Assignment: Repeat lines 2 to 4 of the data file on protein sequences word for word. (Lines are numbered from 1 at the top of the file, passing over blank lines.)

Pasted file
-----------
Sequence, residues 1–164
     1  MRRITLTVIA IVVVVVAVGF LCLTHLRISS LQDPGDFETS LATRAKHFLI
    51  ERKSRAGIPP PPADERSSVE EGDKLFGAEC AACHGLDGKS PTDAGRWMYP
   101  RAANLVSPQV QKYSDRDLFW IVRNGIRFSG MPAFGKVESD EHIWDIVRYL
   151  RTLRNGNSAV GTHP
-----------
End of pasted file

     1  MRRITLTVIA IVVVVVAVGF LCLTHLRISS LQDPGDFETS LATRAKHFLI
    51  ERKSRAGIPP PPADERSSVE EGDKLFGAEC AACHGLDGKS PTDAGRWMYP
   101  RAANLVSPQV QKYSDRDLFW IVRNGIRFSG MPAFGKVESD EHIWDIVRYL